For the next two weeks, I’ll read no more about politics or government. I’ll watch and listen to no television or radio shows dedicated to news and the gossip “Hollywood” shows. The Presidential debate should only be watched for a good laugh, entertainment purposes at best.

I suggest you do the same.

If for no other reason than your sanity, keeping it that is.

And, to stop being tired. Oh, so tired.

One last thing. Tired or not, I'll stay up election night to see who wins all the races. Politics is one of my passions, you know.

Thursday, September 22, 2016

The disappearing printed newspaper: The N&O

With the naming of Sarah Glines as the President and Publisher of The News & Observer, the newspaper’s writing soon may be exclusively on the wall or some other flat surface.

It’s at least a bit closer now than ever before. It probably won’t be long that it’s so, exclusively.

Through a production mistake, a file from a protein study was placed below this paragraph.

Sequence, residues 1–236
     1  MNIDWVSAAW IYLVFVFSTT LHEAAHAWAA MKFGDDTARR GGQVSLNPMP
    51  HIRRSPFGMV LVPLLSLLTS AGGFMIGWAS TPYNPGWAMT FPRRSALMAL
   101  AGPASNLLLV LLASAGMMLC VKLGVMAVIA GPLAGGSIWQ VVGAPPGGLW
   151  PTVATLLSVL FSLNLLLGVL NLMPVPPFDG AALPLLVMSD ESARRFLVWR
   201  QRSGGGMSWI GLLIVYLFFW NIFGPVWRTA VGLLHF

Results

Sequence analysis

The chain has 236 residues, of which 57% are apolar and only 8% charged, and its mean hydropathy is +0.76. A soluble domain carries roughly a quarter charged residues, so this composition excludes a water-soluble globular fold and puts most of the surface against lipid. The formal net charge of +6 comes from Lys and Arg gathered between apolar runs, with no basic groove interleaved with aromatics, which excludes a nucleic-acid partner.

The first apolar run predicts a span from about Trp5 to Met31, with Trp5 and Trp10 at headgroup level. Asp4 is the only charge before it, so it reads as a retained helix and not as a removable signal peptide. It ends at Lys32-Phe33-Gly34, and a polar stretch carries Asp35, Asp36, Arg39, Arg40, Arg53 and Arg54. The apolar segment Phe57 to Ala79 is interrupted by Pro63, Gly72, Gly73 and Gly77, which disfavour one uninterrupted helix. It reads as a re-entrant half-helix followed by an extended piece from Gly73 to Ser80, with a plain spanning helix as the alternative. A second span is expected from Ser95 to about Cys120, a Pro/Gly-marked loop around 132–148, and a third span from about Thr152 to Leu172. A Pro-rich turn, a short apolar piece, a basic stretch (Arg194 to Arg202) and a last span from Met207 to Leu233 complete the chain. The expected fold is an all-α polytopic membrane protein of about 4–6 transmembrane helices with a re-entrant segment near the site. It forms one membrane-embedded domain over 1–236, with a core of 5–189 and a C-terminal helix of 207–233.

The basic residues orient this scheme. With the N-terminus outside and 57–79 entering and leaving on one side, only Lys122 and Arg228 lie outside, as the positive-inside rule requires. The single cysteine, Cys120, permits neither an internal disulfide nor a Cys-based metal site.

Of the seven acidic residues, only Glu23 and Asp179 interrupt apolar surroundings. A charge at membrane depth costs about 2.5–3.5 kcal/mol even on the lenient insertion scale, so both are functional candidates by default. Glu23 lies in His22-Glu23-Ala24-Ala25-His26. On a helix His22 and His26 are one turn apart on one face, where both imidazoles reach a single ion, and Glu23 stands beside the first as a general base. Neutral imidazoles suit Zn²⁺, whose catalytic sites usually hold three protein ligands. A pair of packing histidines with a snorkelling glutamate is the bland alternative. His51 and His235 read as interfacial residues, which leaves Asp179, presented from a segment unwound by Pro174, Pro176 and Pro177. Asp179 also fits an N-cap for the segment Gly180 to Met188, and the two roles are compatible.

It could be the wall of a Facebook page or the face wall of a smart phone or a notebook or a laptop or the old-fashioned desk-top computer.

Don’t be surprised if one day soon or a few days later that’s where you’ll only be able to find The Old Reliable, The News & Observer, published since way before our time and tossed in the wee hours of the morning onto countless driveways and yards, sold at many a newsstands, hawked on the streets of Raleigh by vendors who carried the newspaper in large satchels, and responsible for thousands of stained hands from newsprint ink that easily smears, or used to.

Don’t be surprised at all if the glory days of the printed edition of the bastion of North Carolina Democratic Party politics disappears from our eyes and from our morning breakfast table, from it being folded under an arm of a business executive trying to carry a briefcase (also being replaced by smart technology) while drinking a cup of coffee.